Why Vape Pens Explode and How to Avoid E-Cigarette Injury
October 5th, 2018
You’ve undoubtedly heard horror stories or seen viral videos involving vape pens that exploded or caught fire, often seriously injuring the user. Some users have even been killed by exploding vape pens. We’ve reported in the past on the growing number of vape pen lawsuits that have emerged due to exploding batteries.
The e-cigarette industry faces a conundrum: obviously, manufacturers don’t want their products maiming and killing people, triggering a wave of high dollar lawsuits. They also don’t want concerns about a relatively small number of incidents hurting their businesses. As such, you may have seen safety articles published by various manufacturers and distributors, attempting to “set the record straight.” Unfortunately, each of these entities has a vested interest in presenting a certain type of product as safer than the others, which makes it difficult for a user or would-be user to know which information is most reliable.
While many factors can make an e-cigarette hazardous, more neutral experts have identified characteristics that make vape pens a unique risk.
Vape Pen Risk Factors
According to the U.S. Fire Administration—a division of the Federal Emergency Management Agency (FEMA)—the key risk associated with electronic cigarettes is that the current generation of lithium-ion batteries simply are not a safe or appropriate power source for the devices. Though the batteries explode or catch fire infrequently, the results when they do are often catastrophic, and perhaps even fatal.
One reason vape pen explosion injuries are so often serious is the way the devices are used and carried. A device in use may explode in the user’s hand, mouth, or both, causing mangling of the hand, loss of teeth, a broken jaw, facial burning, and even serious head injuries. Devices not in use are often carried in shirt pockets or pants pockets, meaning that they are pressed against the body when an explosion occurs and that clothing is likely to catch fire or melt to the skin when the device catches fire.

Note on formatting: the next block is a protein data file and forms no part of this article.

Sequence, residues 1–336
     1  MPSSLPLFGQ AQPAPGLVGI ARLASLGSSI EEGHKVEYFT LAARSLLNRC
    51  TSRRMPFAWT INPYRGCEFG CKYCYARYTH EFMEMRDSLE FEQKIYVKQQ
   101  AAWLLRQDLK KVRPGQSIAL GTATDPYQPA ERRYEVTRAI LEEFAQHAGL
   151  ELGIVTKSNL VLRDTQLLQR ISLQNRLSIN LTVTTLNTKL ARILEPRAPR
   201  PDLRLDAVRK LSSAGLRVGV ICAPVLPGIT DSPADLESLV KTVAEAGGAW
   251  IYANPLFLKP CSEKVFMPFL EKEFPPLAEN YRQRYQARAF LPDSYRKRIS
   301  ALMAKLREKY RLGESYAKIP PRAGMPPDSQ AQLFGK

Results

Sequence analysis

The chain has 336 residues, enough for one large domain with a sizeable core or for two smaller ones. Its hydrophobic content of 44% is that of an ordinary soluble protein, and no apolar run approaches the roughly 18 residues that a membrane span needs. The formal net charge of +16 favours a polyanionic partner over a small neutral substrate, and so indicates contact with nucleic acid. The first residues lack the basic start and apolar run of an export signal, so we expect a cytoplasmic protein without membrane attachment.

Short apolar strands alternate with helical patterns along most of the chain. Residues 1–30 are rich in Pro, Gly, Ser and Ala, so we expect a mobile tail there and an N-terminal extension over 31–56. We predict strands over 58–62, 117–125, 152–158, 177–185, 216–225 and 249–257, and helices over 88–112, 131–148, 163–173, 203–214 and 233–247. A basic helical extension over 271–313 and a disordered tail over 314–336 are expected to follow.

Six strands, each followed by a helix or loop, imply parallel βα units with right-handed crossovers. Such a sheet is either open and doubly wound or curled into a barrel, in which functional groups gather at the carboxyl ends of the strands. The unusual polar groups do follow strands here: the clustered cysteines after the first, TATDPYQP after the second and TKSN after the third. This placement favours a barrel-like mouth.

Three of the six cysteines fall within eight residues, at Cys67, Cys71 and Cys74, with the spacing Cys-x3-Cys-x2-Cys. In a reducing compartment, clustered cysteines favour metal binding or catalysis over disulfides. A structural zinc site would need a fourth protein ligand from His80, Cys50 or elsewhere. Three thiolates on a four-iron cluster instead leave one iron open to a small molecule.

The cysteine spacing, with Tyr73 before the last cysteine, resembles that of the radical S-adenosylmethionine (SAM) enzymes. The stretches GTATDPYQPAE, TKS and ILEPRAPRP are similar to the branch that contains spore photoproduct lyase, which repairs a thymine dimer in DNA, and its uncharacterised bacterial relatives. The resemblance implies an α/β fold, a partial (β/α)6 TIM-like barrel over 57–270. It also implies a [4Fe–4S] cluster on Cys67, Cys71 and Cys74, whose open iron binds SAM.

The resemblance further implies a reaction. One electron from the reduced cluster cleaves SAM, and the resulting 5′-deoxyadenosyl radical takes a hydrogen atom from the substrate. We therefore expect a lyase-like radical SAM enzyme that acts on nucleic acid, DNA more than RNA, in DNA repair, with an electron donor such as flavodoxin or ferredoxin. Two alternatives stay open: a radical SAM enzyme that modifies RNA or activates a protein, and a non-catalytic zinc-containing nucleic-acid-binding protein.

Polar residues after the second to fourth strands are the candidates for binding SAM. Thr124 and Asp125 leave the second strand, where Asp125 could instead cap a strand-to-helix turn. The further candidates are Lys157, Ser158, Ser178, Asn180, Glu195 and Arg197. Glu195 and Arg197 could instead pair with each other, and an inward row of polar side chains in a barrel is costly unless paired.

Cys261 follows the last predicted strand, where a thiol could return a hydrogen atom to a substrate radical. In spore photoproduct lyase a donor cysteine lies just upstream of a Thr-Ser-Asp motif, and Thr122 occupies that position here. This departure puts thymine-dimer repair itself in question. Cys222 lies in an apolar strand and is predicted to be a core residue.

The devices also present a special risk because of their shape: a vape pen explosion may result in a pointed, aerodynamic projectile hurtling through the air.
Safe E-Cigarette Usage
Given that the nature of the device itself presents the risk, there are no safety tips that will guarantee a user a safe experience. However, those who decide to gamble on the use electronic cigarettes can take certain steps to reduce the risk of serious injury or death.
- Never attempt to modify a device to increase vapor flow or make other changes—such modifications may increase the load on the battery or weaken connections, increasing the likelihood of a fire or explosion.
- Follow the manufacturer’s instructions for safe charging of the device, and be sure not to overcharge or use an inappropriate power source for charging.
- Don’t plug the device in to charge in a location that will present a particular danger if the battery explodes, such as on a bedside table or within reach of children.
- Consider alternatives to carrying the device in clothing and close to the body, to help minimize the likelihood and extent of injury if the device explodes.
Help for People Injured in Vape Pen Explosions
If you have been injured when an electronic cigarette exploded or caught on fire, you may be entitled to compensation for your injuries. Damages vary from case to case, but could include reimbursement for/payment of medical expenses, compensation for lost wages and future earning capacity, and even compensation for intangible damages such as pain and suffering and loss of quality of life. Call Simmons and Fletcher, P.C. for more information at 1-800-298-0111.
Paul Cannon has practiced personal injury trial law since 1995. He is Board Certified in Personal Injury Trial Law (2005). He has earned recognition as a Super Lawyer by Thompson Reuters in 2017 & 2018, and as a Top 100 Trial Lawyer by the National Trial Lawyers Association in 2017. He is a Shareholder, trial lawyer and online marketing manager at Simmons and Fletcher, P.C. His legal writings have been published by the Texas Bar Journal, Business.com, Lawyer.com HG Legal Resources, Lawfirms.com, and others. He has been asked to give education talks and media interviews on dog bite law.